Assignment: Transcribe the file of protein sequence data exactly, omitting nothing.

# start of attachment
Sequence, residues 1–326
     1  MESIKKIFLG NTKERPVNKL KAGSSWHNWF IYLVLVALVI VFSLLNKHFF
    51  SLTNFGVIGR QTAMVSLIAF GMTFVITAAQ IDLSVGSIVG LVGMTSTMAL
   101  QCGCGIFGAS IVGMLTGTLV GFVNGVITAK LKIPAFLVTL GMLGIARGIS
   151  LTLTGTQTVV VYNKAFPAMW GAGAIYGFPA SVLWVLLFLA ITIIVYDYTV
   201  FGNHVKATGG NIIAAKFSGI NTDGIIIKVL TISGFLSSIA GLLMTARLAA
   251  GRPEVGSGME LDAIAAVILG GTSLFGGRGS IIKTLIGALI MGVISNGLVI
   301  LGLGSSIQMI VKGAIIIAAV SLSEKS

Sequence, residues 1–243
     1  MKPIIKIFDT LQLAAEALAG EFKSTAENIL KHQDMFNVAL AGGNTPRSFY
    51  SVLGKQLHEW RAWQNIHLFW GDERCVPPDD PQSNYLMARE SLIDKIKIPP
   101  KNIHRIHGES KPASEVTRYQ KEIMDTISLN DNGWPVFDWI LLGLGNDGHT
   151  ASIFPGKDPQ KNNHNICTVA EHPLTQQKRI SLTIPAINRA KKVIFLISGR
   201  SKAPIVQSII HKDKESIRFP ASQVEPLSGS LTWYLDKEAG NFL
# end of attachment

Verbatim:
Sequence, residues 1–326
     1  MESIKKIFLG NTKERPVNKL KAGSSWHNWF IYLVLVALVI VFSLLNKHFF
    51  SLTNFGVIGR QTAMVSLIAF GMTFVITAAQ IDLSVGSIVG LVGMTSTMAL
   101  QCGCGIFGAS IVGMLTGTLV GFVNGVITAK LKIPAFLVTL GMLGIARGIS
   151  LTLTGTQTVV VYNKAFPAMW GAGAIYGFPA SVLWVLLFLA ITIIVYDYTV
   201  FGNHVKATGG NIIAAKFSGI NTDGIIIKVL TISGFLSSIA GLLMTARLAA
   251  GRPEVGSGME LDAIAAVILG GTSLFGGRGS IIKTLIGALI MGVISNGLVI
   301  LGLGSSIQMI VKGAIIIAAV SLSEKS

Sequence, residues 1–243
     1  MKPIIKIFDT LQLAAEALAG EFKSTAENIL KHQDMFNVAL AGGNTPRSFY
    51  SVLGKQLHEW RAWQNIHLFW GDERCVPPDD PQSNYLMARE SLIDKIKIPP
   101  KNIHRIHGES KPASEVTRYQ KEIMDTISLN DNGWPVFDWI LLGLGNDGHT
   151  ASIFPGKDPQ KNNHNICTVA EHPLTQQKRI SLTIPAINRA KKVIFLISGR
   201  SKAPIVQSII HKDKESIRFP ASQVEPLSGS LTWYLDKEAG NFL